• A reader of this article might get confused when they read, “…the government passes out condoms so people can fornicate at will. For those who happen to get pregnant in the process…” Condoms are not necessary for humans to engage in sex. People can and do engage in sexual intercourse pretty much all the time both with and without condoms. The primary benefit from using a condom is to prevent pregnancy yet the second sentence makes it sound like pregnancies are an afterthought. This is strange wording.
  • “If you don’t work, you don’t eat,” is indeed in the bible. It’s found in 2 Thessalonians 3:10 but it’s generally best to include the source rather than make the reader take the author’s word for it.
  • “In this current campaign season…”, “…to the culture in which we live”, and the like are sloppy writing. Like the ubiquitous ‘free gift’, these phrases are duplicitous and wordy. Avoid them. Rather, use “in this campaign season” and “to our culture” which are better due to their simplicity.

Unfortunately, we quickly come to more significant problems:

  • The author writes, “And if you think homosexuality, abortion, sexual freedom, and hating God are not evil then you’d better go back and check your bible again. How can people with that kind of agenda protect those who do good and punish those who do evil? (That’s the Romans 13 definition of the role of government.)” except  Romans 13 doesn’t say that. It says:

Let everyone be subject to the governing authorities, for there is no authority except that which God has established. The authorities that exist have been established by God.Consequently, whoever rebels against the authority is rebelling against what God has instituted, and those who do so will bring judgment on themselves. For rulers hold no terror for those who do right, but for those who do wrong. Do you want to be free from fear of the one in authority? Then do what is right and you will be commended. For the one in authority is God’s servant for your good. But if you do wrong, be afraid, for rulers do not bear the sword for no reason. They are God’s servants, agents of wrath to bring punishment on the wrongdoer. Therefore, it is necessary to submit to the authorities, not only because of possible punishment but also as a matter of conscience. This is also why you pay taxes, for the authorities are God’s servants, who give their full time to governing. Give to everyone what you owe them: If you owe taxes, pay taxes; if revenue, then revenue; if respect, then respect; if honor, then honor.” – Romans 13:1-7 (NIV)

  • As an aside, I think Christians in general, and the TEA Party faithful in particular, should pay attention to these verses and I thank president MacArthur for bringing them to our attention. However, they seem to speak a different message from the claims espoused here. (Verses 6-7 are essentially a command to pay taxes which many TEA Party advocates have spoken out against. And verse 7 is a command to respect and honor whomever God establishes in positions of authority as I’ve blogged about before. And I don’t see any exceptions to be made depending on which political party is in power.) Using this verse to support these political claims is very shaky.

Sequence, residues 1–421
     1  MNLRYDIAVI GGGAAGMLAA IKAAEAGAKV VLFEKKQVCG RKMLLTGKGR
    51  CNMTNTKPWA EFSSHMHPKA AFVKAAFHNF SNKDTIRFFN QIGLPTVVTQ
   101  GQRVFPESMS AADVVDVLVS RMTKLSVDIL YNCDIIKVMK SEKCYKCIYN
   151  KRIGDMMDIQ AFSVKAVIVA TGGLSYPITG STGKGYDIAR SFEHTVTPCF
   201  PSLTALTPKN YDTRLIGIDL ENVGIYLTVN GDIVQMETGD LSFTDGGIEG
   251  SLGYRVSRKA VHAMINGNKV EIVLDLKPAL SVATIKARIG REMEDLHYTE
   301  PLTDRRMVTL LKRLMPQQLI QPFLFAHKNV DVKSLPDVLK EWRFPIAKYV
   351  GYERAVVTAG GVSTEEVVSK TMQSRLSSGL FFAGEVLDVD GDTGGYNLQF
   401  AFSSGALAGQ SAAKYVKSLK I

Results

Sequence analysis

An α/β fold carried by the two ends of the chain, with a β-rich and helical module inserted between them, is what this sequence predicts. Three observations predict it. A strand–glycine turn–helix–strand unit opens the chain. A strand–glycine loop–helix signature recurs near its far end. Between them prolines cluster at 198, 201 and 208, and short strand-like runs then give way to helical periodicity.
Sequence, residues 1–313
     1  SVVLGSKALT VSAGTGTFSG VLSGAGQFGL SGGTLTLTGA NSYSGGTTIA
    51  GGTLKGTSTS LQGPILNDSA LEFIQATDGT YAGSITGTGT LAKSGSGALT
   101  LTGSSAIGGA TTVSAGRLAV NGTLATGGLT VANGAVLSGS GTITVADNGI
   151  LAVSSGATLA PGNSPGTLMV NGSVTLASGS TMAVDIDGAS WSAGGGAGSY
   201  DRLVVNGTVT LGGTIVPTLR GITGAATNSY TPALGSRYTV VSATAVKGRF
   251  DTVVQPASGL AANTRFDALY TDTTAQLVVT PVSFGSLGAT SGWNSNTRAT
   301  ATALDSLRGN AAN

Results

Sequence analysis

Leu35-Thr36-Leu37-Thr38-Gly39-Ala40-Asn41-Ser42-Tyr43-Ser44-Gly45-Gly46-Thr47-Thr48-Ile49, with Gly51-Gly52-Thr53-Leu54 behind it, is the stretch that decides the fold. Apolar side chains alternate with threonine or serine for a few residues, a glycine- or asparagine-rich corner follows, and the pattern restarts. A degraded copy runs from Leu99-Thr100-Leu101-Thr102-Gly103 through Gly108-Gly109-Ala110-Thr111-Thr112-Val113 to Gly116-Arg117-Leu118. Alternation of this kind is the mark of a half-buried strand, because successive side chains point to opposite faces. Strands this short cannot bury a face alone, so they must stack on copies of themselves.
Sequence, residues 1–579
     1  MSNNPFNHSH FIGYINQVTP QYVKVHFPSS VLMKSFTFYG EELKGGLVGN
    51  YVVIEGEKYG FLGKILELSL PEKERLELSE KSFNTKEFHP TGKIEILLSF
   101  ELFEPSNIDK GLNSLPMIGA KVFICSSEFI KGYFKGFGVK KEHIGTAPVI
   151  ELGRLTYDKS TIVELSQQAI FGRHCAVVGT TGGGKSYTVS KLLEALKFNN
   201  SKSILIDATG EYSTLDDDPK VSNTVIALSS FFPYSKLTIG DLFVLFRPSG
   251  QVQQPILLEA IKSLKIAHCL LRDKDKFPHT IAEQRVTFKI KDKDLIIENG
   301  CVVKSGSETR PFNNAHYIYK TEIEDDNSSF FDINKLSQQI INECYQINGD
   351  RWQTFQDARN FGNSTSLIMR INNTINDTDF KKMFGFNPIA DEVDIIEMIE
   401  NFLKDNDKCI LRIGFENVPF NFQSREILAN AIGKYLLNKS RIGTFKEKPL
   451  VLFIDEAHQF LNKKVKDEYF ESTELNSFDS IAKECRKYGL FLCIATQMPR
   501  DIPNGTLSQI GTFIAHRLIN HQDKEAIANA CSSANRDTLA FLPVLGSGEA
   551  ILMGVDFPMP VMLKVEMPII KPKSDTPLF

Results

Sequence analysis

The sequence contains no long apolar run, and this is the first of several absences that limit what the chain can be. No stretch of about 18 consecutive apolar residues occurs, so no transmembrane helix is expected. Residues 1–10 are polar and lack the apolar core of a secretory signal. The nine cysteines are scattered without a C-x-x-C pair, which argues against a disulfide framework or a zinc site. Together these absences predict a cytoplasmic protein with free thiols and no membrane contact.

• “Romans 1 is not politics. The bible is not politics.” The bible is everything. It includes politics, sex, predictions, history, military history, origin stories, and more written in a variety of forms: prose, poetry, etc. To arbitrarily state that it doesn’t include political statements when it clearly does (See Romans 13 above) is ridiculous.
  • The beginning of the article dances around identifying itself as a political statement however the ending clearly calls out the Democratic Party on their campaign issues.

But the biggest flaw has to do with the underlying assumptions:

  • Assumption #1: Everyone registered as a Democrat and everyone that votes for a Democrat is against God. Not at all. There are democrats who are Christians. The concept is not an oxymoron. The south of the United States including large chunks of the bible belt was dependably blue for decades until Reagan in 1980. Is has been dependably red ever since but there are signs that North Carolina, Virginia, and Florida are becoming less red.
  • Assumption #2: Everyone registered as a Democrat and everyone that votes for a Democrat is voting for homosexuality, sexual perversions, etc. Also patently false. The LGBT community wants their voices heard and they have chosen the Democratic Party. There are gay republicans. Don’t overstep your argument by thinking all democrats hold the views of our President (or all republicans are Christian fundamentalists). Humans are more complicated than that.